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French car firms take on US in race for Iranian market

The lifting of sanctions against Tehran has given French car makers an opportunity to re-establish themselves in the lucrative Iranian market, but they could find themselves overtaken by US rivals.


Iran will be hoping that the lifting of sanctions -- agreed as part of the landmark deal over its nuclear programme reached in Geneva this week -- will bring with it a much needed boost to the country’s economy.

But foreign companies around the world are also set to benefit from a resumption of trade with Tehran, not least France’s carmakers, who will be hoping to exploit the possibility of once again selling cars in Iran.

French auto companies used to be among the major players on the Iranian market, but they have suffered significantly in recent years from Western sanctions on trade.

PSA Peugeot Citroen once counted Iran as its second biggest market after France, shifting more than 400,000 vehicles a year by selling cars in kit form to Iranian partner Iran Khodro for assembly in Iran.

France’s other major carmaker, Renault, meanwhile, sold upwards of 100,000 cars in the country in 2012, also assembled locally.

French firms under US pressure

But PSA was forced to withdraw from the Iranian market in 2012 -- officially because the Iranian bank used by the manufacturer to manage its profits in the country was put on a US blacklist.

But many industry experts suspect that the exit was also the result of pressure put on the French company by US car giant General Motors, owner of a seven percent stake in PSA since February 2012 and with ties with the influential US anti-Iran lobby United Against Nuclear Iran.

Renault followed suit in 2013, writing off its Iranian business after a new round of sanctions imposed by Washington.

On Monday, a Renault welcomed the lifting of restrictions on trade with Iran.

“Renault is satisfied by the signing of this accord, which should allow the sanctions to be lifted. If the sanctions are lifted, our activity which is currently slowed could return to its normal course," a spokesperson for the company told AFP.

"It's good news for us because the Iranian market is important for us," she added.

US firms in pole position?

But while the lifting of sanctions will give French auto firms the chance to re-establish themselves in Iran, they may find they are returning to a tougher market than the one they left, not least because of increased competition from US rivals.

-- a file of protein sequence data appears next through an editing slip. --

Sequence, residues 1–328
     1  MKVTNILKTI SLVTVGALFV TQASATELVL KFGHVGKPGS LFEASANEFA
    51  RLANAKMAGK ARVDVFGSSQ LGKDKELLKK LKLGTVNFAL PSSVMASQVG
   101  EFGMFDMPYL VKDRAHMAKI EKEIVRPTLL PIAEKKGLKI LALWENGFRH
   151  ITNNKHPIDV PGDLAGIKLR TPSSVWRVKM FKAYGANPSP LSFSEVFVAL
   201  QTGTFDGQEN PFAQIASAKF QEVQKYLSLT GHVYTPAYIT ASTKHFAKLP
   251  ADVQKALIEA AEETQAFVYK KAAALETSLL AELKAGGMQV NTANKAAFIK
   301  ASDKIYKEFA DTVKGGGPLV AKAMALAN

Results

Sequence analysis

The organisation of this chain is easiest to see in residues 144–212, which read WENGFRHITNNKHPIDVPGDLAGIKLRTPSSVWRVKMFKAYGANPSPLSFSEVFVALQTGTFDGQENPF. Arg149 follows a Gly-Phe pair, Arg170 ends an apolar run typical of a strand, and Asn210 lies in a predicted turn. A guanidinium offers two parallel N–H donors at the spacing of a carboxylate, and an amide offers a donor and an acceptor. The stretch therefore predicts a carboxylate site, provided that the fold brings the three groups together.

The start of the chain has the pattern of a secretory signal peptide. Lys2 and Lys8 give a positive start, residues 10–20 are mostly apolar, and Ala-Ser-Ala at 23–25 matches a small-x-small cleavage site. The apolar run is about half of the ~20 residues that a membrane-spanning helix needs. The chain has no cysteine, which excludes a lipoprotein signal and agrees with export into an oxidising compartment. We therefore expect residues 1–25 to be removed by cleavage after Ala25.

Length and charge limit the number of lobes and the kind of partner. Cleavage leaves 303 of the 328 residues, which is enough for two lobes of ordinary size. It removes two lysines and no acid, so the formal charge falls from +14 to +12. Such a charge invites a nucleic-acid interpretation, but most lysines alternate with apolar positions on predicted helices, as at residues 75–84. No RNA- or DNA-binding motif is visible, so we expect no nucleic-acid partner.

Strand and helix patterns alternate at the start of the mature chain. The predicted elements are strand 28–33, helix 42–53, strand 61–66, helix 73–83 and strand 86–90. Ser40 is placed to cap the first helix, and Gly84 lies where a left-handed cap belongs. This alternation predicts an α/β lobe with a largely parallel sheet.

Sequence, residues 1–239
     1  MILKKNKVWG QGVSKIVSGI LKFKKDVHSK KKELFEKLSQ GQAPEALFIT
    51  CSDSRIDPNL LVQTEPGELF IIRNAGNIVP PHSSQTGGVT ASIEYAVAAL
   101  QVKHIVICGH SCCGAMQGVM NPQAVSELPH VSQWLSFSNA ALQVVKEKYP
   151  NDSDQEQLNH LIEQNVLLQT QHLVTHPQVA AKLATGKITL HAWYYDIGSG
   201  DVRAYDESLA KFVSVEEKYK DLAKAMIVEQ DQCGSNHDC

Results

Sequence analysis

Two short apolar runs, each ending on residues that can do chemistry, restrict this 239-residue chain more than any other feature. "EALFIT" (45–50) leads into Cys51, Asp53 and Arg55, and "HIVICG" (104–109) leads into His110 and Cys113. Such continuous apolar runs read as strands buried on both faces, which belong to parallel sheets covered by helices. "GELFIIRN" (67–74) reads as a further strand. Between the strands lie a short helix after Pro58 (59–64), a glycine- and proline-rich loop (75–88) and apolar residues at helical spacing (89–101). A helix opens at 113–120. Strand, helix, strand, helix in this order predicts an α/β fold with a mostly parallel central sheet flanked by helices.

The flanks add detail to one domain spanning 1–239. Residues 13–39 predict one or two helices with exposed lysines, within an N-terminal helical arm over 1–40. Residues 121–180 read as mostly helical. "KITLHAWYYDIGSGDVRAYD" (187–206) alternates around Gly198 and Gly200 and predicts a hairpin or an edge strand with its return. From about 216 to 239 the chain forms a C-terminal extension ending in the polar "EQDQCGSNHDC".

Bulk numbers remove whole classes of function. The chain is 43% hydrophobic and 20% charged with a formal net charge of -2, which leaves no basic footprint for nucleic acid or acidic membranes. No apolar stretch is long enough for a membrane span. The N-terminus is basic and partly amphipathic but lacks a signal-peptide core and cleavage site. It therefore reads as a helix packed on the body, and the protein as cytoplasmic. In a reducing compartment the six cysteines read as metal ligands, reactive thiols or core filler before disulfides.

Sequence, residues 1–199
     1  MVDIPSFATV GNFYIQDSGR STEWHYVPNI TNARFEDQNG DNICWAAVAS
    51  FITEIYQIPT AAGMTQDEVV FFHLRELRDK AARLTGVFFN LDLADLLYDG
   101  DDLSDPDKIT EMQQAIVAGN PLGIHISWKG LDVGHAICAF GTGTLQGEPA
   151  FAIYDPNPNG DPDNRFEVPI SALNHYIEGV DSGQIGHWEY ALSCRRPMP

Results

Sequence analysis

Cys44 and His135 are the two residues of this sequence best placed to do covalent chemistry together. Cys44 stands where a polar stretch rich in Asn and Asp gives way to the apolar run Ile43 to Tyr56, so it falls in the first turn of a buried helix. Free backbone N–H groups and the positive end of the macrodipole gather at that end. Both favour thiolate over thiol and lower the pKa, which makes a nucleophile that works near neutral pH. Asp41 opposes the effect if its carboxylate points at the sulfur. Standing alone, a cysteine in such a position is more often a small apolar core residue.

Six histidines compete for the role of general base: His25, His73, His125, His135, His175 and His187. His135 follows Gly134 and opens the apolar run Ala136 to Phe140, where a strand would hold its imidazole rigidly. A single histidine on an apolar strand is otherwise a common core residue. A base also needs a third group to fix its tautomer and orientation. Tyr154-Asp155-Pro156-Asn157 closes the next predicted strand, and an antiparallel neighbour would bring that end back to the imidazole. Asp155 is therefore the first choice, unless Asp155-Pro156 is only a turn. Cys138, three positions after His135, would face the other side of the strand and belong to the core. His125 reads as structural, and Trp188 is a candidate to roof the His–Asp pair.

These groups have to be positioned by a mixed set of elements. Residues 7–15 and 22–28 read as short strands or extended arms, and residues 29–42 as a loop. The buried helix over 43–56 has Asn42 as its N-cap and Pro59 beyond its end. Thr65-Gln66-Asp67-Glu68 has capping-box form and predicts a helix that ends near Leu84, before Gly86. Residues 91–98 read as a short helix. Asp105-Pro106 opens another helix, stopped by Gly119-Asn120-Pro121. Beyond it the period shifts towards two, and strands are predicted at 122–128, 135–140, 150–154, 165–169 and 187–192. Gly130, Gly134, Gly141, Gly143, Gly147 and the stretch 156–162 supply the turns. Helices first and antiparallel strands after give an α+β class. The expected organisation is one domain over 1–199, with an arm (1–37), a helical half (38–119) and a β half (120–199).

In anticipation of thawed relations between Iran and the West, US firms have been sounding out the Iranian market for some time.

And in a move likely to grate PSA in particular, General Motors has for a number of months been actively courting the automotive industry in the country – including Iran Khodro.

According to French journalist Georges Malbrunot, GM “even launched a publicity campaign in several Iranian newspapers last year”.

“General Motors then exported a number of Camaros to Iran this summer, via Azerbaijan,” he wrote in an article for French Daily Le Figaro last month.

The company was able to exploit a loophole in US-imposed sanctions, which, while banning the export of car parts to Iran for local assembly, do not forbid the sale of whole vehicles in the country, said Malbrunot.

France ‘the real target of sanctions’

This has led to accusations by some analysts that the US deliberately used sanctions to eliminate foreign car companies from Iran in order to allow its own firms to exploit the market after the resumption of trade.

“France, the leading player in the market, was the real target [of the sanctions],” claimed political scientist and Iran specialist Michel Makinsky in an article for Le Monde earlier this year.

Washington was seeking to “purge” the Iranian market in anticipation of reaching an agreement with Tehran over its nuclear programme, he said.

Whether there is any truth to these allegations remains open for debate, but most analysts agree that the lifting of the sanctions could prove fruitful for the US, with its businesses well-placed to take swift advantage of the return to trade with Iran.

“Things could move quickly,” said Malbrunot in a blog post for Le Figaro on Thursday, pointing out that a US-Iranian Chamber of Commerce is already being set up in Tehran.

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